A cousin of mine has been doing some genealogical research (for the last couple of decades), and discovered that my grandmother's (his aunt's) several-times-great-grandmother is a niece of one Daniel Boone.

    ReplyDelete
  3. As per routine, I could not really resist:

    27 34 54+ 66 78 ancestry of I/M, median 54+

    56 56 57 65 69 c.73 ancestry of TOF, median between 57 and 65

    Seems Baden was somewhat healthier (but also less diversified in both directions) than US, 19th C.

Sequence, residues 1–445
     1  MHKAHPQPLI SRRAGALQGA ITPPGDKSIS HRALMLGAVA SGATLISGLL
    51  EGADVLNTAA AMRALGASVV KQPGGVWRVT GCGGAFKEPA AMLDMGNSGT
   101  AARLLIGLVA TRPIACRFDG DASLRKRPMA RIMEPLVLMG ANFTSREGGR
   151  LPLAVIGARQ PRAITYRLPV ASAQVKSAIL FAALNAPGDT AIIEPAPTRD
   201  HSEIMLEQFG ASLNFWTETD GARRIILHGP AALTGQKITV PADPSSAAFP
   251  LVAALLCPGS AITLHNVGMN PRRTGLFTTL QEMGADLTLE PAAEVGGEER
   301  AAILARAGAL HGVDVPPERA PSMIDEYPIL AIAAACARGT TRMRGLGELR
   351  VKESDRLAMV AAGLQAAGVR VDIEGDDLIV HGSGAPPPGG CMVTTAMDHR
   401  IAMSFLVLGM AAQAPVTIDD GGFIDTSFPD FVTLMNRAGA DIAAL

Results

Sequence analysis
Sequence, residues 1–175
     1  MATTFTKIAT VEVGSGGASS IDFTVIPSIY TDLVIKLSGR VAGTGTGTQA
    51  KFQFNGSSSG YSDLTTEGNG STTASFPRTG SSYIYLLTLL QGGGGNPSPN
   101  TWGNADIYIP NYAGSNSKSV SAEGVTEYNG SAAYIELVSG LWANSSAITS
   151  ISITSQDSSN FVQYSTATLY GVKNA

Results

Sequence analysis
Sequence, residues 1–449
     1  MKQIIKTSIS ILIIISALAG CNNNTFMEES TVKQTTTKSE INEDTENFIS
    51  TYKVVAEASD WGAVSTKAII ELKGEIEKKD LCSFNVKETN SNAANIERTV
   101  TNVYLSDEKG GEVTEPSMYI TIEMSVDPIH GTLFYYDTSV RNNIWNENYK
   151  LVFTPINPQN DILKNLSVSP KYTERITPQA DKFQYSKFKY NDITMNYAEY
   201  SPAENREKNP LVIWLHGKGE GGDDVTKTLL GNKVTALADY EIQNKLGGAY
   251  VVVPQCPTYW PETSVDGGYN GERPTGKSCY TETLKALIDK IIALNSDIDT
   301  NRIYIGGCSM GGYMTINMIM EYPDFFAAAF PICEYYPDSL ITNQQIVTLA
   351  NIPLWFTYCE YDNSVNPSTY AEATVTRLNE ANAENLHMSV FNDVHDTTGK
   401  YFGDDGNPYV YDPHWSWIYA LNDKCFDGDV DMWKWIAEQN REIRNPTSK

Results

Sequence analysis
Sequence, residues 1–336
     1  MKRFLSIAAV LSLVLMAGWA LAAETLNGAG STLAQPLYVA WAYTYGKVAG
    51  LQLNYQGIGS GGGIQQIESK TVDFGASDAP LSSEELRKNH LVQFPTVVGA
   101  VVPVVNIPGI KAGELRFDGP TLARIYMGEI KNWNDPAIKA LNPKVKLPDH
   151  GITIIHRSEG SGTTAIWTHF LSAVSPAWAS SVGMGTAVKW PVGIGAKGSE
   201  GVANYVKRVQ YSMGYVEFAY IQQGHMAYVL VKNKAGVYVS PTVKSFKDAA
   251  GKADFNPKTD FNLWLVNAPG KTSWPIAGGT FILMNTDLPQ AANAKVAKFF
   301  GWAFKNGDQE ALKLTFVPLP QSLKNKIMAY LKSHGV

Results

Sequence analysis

ReplyDelete
  4. I had no idea that Greenberry as a Christian name had real-life antecedents. I've reread Melodies of the Heart many times and never fail to choke a little.

    ReplyDelete
    Replies
    1. Greenberry Harris was in fact the father of Joel Harris.

      Delete
    2. As in "Joel Chandler Harris (December 9, 1848 – July 3, 1908)"?

      The world is small ...

      Delete
    3. No, just an ordinary garden variety Joel Harris, crossing Missouri in a covered wagon. Or whatever.

      Delete
    4. OK. Funny though, you look a bit like him.

      Delete